The resort is split either side of a famous marina, one side is pedestrianised with an array of eating areas, which are mostly accessible. To the other side of the Marina the main street is parallel to a narrow sandy partially accessible beach. The town itself backing away from the accessible town square, has narrow streets, high kerbs and very few drop downs. In addition Puerto de Pollensa can offer a public swimming pool, which has a pool hoist. Please note that the route to the swimming pool has limited drop kerbs. Please note this resort closes in the winter months from November through to March.

Sa Coma

General Description:

The principal industry is tourism, based around its golden sandy beach, and a variety of bars and restaurants and caters very well for the British market. The resort has a relaxed atmosphere in contrast to the lively resort of Magaluf on the west coast of the island. Sa Coma is a family oriented resort and evening entertainment takes place in hotels, rather than in bars or clubs. If you are looking for a wider selection of bars and restaurants, the "bright lights" of the livelier Cala Millor is only around 5 minutes away by taxi.

Sa Coma does have an exceptionally sandy beach with the sea having a shallow shelf of clear, blue water, which is perfectly suited for children. The beach has ‘Blue Flag’ status for cleanliness, water quality and safety. The beach is fronted with a wide traffic free promenade that runs the full length of the resort towards S'Illot to the south and the smaller sheltered beach of Cala Moreya. If you do venture into S'Illot, don't expect to find a mirror of Sa Coma, as most visitors find the contrast between the two resorts to be quite surprising. Unlike the modern purpose built Sa Coma, S'Illot was originally a traditional fishing village that has gradually adapted, and grown into a small holiday resort.

Location:

The purpose-built resort of Sa Coma, lies in the heart of Mallorca’s popular east coast, alongside its neighbour S'Illot both part of the municipal district of Sant Llorenç des Cardassar, almost midway between the resorts of Cala Millor and Porto Cristo. 40 miles east from Palma Airport, 5 minutes car transfer from Cala Millor.

Shopping:

On the main street you will find a chemist and a large Eroski supermarket, where you can buy everything from food shopping to electrical goods and even furniture.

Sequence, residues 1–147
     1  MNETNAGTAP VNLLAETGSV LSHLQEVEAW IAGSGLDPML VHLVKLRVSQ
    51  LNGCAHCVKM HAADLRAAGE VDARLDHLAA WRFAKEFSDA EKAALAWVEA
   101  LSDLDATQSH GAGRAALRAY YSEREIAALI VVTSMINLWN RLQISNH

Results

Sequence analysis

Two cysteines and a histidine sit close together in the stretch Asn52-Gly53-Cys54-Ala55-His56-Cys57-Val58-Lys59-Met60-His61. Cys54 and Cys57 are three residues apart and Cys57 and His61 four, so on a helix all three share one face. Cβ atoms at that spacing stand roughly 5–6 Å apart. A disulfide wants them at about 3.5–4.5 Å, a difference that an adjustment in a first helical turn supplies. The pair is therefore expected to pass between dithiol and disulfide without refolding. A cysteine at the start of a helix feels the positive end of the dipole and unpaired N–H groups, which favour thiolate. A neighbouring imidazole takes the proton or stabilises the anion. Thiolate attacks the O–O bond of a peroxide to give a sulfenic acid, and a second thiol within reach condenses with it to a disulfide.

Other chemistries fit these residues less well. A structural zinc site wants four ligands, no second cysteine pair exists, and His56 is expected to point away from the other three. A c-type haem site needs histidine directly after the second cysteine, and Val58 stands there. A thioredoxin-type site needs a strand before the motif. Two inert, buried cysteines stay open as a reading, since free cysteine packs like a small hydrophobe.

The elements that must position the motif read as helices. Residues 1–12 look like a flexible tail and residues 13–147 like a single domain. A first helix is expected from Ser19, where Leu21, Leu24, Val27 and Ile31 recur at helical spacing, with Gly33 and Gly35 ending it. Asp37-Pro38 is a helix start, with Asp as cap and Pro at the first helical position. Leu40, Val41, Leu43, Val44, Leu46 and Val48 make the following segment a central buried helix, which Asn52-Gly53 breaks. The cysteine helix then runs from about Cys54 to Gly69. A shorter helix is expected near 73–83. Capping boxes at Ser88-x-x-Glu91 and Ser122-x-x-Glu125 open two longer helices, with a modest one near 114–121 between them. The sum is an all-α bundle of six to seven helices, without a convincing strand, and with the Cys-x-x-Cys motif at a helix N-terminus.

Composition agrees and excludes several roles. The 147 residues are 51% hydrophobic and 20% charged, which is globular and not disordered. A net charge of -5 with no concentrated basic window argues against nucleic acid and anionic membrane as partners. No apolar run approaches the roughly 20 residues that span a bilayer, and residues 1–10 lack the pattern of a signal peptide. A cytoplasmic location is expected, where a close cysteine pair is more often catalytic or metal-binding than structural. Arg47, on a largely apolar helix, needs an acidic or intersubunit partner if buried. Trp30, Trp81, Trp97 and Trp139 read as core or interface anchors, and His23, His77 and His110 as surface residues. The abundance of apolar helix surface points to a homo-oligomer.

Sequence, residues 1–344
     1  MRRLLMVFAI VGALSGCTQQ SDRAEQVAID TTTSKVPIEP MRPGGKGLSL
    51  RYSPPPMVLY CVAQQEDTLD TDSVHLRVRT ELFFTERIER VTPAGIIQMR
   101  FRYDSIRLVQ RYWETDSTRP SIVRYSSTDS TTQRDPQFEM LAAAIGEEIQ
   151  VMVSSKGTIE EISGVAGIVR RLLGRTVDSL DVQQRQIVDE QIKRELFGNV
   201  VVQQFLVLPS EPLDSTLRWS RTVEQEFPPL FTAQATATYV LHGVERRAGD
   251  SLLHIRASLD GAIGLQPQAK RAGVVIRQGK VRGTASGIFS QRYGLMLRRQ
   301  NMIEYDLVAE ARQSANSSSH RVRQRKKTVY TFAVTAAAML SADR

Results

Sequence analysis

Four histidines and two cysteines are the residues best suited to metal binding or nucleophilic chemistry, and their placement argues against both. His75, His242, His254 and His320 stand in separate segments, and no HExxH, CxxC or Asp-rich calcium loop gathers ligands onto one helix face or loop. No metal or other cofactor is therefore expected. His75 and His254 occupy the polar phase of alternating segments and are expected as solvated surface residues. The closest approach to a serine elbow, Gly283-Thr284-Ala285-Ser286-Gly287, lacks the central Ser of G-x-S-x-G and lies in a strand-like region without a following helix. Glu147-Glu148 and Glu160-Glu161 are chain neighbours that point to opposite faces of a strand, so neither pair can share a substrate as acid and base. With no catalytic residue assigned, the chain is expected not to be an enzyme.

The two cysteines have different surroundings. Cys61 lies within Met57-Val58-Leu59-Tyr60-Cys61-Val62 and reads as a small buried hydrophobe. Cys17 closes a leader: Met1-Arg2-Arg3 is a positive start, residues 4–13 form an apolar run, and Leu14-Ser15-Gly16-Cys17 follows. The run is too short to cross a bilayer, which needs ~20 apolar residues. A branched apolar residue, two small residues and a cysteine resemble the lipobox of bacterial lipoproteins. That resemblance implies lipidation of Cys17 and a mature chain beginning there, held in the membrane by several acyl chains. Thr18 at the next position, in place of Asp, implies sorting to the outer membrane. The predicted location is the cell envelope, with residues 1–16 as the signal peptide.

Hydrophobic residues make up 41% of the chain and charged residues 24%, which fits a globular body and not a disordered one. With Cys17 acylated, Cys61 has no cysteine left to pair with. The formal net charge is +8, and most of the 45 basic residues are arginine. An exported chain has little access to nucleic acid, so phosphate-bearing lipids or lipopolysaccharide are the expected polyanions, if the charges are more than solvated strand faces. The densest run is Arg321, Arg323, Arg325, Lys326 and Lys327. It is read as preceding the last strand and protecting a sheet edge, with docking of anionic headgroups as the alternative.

The resort and its neighbours have numerous shops and boutiques selling souvenirs and goods attractive to tourists. For a traditional market go to the nearby town of Son Server on Friday mornings.
 

Eating Out:

Sa Coma offers a varied selection of good quality restaurants, and just across the footbridge on the S’Illot seafront even more options are available. The ‘frito mallorquin’, lamb and vegetable stir-fry, is a speciality here.

For the Less Mobile Traveller:

The main promenade is very flat and wide and being a small resort access around it is good and the area is well maintained. Please note this resort closes in the winter months from November through to March.

Santa Ponsa

General Description:

A densely developed resort with few traces of the village that stood here before the massive expansion of tourism in the 1960s. Many of the hotels are located in the flat area behind the main beach, where there is a lengthy frontage of souvenir shops backed by long, rather characterless streets. The sloping ground and roads to the northwest and southwest are generally more attractive, some offering panoramic views of the bay, and there is a lively area of bars and fast-food outlets at the northern end of the beach. On the southern headland is a narrow inlet leading to the nautical club and moorings. Near here you can find a stone cross commemorating the landing in 1229 of King Jaime of Aragon, who drove the Moors from the island.

Location:
On the south west coast, in the Calvia region. 13 miles south west of Palma and 19 miles from the airport by fast road. 3 miles south west of Magalluf across a broad headland.

Shopping:
A large supermarket on the main road from Palma; a good supply of minimarkets distributed among the apartment complexes and in the main resort centre. Many banks and other essentials. Not exactly a shopper's paradise, but a good choice of small outlets and stalls, including clothes, beach wear and accessories, arts and crafts, souvenirs and jewellery shops; a few designer outlets. Serious shoppers should head for Palma.

Eating Out:
Plentiful restaurants and eateries serving local Majorcan, Spanish, Chinese, Italian and Indian; one can even have ostrich and kangaroo steaks. Variety ranges from fast-food outlets and kebab houses to A La Carte dining with sea views.

For the less mobile traveller:
When you enter into Santa Ponsa it is flat with good wide pavements, offering a selection of shops and restaurants to choose from. The beach is accessible with wooden platforms leading to sunshades. Beach wheelchairs are available to enable access into the sea. From this point the road inclines up the coast where amazing views can be enjoyed from the elevated position, but wheelchairs may find it hard negotiating the hill. Electric wheelchairs or a strong pusher would be recommended. Please note this resort closes in the winter months from November through to March.